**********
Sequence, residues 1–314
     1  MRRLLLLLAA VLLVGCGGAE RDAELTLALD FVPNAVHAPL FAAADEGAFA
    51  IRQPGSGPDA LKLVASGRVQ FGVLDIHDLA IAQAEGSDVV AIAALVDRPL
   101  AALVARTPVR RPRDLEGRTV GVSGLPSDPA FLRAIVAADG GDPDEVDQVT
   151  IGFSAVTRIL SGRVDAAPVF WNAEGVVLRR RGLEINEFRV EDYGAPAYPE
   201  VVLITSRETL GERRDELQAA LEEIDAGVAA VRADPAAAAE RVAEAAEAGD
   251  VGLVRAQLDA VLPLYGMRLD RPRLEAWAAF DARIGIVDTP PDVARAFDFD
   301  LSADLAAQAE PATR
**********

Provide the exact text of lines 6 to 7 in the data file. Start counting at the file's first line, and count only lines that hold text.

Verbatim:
   201  VVLITSRETL GERRDELQAA LEEIDAGVAA VRADPAAAAE RVAEAAEAGD
   251  VGLVRAQLDA VLPLYGMRLD RPRLEAWAAF DARIGIVDTP PDVARAFDFD